But when will we see similar support systems geared towards battered men, and have the police be as vigilant about female perpetrators who hit their husband? When will men be able to bring themselves and their children to a safe-house in order to escape a violent wife?

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5 Responses to “The Truth About Intimate Partner Violence – Part 2”

  1. Jane McGillivray Says:

    I guess, abused men will be able to take themselves and their children to a shelter when enough men get busy and organize shelters for this purpose. The impetus for women to organize and get shelters arranged came from the critical need of getting themselves and their children to a safe place, a place where they could reorganize and rebuild their lives……. The work that women have done in looking at the patterns of codependency and the cycle of abuse has been ground breaking over the past decades. It is wonderful that you and other men are doing this work now too.

  2. Pelle Billing Says:


    Yes, men need to get busy organizing shelters for abused men and their children – nobody else can do it for us. And there are probably lots of insights that can be learned from studying women’s shelters.

    Besides volunteer work, it’s also important that government grants are divided fairly between women’s and men’s shelters. However, at this point I’d be happy if governments starting recognizing that battered men even exist, and starting giving any kind of funding to this issue. Once this phenomenon is on the political agenda, then you can no longer ignore the problem.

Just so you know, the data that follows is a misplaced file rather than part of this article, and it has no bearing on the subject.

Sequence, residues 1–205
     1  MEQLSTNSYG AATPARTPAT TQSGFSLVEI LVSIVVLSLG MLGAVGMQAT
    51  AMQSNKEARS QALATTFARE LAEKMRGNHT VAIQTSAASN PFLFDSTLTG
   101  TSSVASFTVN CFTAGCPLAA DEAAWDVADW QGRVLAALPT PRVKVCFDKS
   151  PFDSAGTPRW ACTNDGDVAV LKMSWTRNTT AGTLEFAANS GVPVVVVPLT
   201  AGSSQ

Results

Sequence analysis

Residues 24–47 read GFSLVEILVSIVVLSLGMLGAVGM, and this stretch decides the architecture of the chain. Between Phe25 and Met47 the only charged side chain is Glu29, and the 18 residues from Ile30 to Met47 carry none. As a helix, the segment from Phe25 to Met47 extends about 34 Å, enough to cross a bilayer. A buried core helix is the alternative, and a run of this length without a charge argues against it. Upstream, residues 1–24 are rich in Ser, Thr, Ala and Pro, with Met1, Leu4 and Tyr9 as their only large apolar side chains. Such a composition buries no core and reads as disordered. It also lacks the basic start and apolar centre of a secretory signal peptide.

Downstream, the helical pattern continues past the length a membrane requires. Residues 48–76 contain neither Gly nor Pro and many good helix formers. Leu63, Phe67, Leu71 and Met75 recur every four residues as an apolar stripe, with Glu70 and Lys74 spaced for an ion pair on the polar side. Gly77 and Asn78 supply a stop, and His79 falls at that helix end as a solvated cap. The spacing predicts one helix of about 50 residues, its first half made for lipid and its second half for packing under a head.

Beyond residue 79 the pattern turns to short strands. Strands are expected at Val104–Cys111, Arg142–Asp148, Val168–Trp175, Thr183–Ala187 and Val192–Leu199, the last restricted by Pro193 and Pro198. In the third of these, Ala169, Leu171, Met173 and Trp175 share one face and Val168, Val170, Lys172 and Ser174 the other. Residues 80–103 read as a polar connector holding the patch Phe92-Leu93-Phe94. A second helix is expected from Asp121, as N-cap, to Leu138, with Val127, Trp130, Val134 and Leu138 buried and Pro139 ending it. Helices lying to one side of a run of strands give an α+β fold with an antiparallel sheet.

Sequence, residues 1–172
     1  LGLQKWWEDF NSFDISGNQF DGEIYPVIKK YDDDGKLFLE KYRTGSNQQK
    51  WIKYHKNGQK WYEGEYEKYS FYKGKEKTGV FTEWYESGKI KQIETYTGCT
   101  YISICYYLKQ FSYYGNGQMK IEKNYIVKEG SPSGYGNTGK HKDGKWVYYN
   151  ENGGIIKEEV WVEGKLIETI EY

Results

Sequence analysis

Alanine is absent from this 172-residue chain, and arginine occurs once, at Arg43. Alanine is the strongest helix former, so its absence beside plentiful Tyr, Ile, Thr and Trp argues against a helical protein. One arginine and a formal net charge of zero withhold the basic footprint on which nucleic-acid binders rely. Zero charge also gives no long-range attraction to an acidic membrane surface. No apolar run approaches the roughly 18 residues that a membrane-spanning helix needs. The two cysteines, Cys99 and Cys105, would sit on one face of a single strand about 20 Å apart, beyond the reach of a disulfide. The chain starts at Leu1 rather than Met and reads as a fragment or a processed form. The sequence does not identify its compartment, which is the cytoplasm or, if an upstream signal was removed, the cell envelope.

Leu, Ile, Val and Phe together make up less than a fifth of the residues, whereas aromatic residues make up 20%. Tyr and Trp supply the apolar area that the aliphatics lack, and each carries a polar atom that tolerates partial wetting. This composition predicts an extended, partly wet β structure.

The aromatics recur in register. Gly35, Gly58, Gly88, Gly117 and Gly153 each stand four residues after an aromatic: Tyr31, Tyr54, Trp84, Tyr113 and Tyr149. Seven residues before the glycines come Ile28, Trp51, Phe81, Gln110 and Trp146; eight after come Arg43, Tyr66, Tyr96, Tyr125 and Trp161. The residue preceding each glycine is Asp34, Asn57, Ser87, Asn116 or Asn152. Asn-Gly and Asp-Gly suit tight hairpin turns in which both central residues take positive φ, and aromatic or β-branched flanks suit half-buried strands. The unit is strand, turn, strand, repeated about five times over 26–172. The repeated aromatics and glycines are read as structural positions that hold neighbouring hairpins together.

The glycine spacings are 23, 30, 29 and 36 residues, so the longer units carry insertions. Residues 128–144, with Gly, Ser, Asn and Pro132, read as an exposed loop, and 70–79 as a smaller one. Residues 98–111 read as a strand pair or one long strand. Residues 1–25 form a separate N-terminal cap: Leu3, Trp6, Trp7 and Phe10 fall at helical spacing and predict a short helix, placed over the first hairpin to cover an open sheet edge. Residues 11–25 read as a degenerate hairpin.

I agree that the psychological research about codependency and cycles of abuse likely applies to battered men too, and that male shelters can apply those insights.

  3. Bj0rnborg Says:

    “at this point I’d be happy if governments starting recognizing that battered men even exist”

    According to radical feministic theory battered men dont exist. (men beat women to sustain their power; ergo women dont have power so they dont beat men.). So what we need for battered men to be recognised as victims for spousal abuse is a separation between gouvernment and feminism; a better understanding from society that feminism does not represent: 1. equality and 2. women, but just one (gynocentric) perspective out of many.

    The gouvernment need a bigger and more objective perspective on equality than what feminism can provide. Once that is achieved, all laws, grants and gouvernmental actions must be genderneutral and “tried for the individual need”. (Sorry dont know the english term; behovsprövat).

    And that is all that is needed for male suffering to be as cared for by the state as female suffering.

  4. Pelle Billing Says:


    Yes, ideology needs to be replaced by facts.

    Given the available research, or even the biased statistics that are much better known by politicians, it is unacceptable to have no funding for male shelters.

    It is very easy to be swayed by one’s own experience and beliefs when discussing gender issues, so it’s crucial that we allow the available research to guide our decisions.

  5. Danny Says:

    Once this phenomenon is on the political agenda, then you can no longer ignore the problem.
    Women’s advocates know this and it scare the hell out of them. They don’t want abused men to get help because acknowledging that men can be victims of abuse is a small bit of proof that men are not as all powerful as they claim and women are not as weak as they claim.